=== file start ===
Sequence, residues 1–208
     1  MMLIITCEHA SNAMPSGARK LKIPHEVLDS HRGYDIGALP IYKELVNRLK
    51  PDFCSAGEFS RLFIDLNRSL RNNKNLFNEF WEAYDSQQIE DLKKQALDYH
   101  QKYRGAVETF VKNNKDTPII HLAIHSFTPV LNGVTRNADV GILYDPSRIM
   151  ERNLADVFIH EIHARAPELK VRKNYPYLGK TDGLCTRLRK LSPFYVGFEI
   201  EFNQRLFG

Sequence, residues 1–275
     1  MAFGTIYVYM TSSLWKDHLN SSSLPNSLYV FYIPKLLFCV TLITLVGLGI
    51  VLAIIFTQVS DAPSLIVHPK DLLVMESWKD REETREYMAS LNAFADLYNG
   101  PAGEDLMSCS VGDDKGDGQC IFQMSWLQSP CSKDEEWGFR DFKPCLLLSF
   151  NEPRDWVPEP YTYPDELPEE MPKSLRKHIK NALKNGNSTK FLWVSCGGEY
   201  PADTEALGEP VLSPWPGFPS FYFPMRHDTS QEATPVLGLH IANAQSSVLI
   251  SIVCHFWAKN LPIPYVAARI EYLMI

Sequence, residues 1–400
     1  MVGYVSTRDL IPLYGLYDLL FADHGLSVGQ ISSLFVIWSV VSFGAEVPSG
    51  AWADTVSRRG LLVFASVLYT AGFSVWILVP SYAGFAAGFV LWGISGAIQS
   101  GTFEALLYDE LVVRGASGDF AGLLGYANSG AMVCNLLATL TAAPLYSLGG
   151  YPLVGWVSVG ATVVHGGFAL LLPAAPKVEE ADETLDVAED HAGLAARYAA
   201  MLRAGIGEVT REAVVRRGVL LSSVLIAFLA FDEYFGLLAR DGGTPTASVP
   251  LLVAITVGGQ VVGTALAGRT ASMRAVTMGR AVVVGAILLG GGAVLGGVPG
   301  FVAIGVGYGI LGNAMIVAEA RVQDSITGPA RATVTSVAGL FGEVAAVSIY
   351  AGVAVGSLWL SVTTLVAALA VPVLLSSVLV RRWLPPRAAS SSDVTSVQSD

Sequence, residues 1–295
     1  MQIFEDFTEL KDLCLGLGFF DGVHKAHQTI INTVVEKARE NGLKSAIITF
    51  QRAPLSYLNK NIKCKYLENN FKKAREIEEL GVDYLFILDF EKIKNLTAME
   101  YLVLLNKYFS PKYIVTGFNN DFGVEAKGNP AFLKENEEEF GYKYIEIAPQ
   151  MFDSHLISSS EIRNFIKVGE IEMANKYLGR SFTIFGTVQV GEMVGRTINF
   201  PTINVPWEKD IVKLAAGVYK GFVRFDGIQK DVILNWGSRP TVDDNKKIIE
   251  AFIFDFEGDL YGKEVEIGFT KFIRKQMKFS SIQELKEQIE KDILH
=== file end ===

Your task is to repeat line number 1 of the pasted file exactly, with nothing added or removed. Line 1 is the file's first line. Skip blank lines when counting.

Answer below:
Sequence, residues 1–208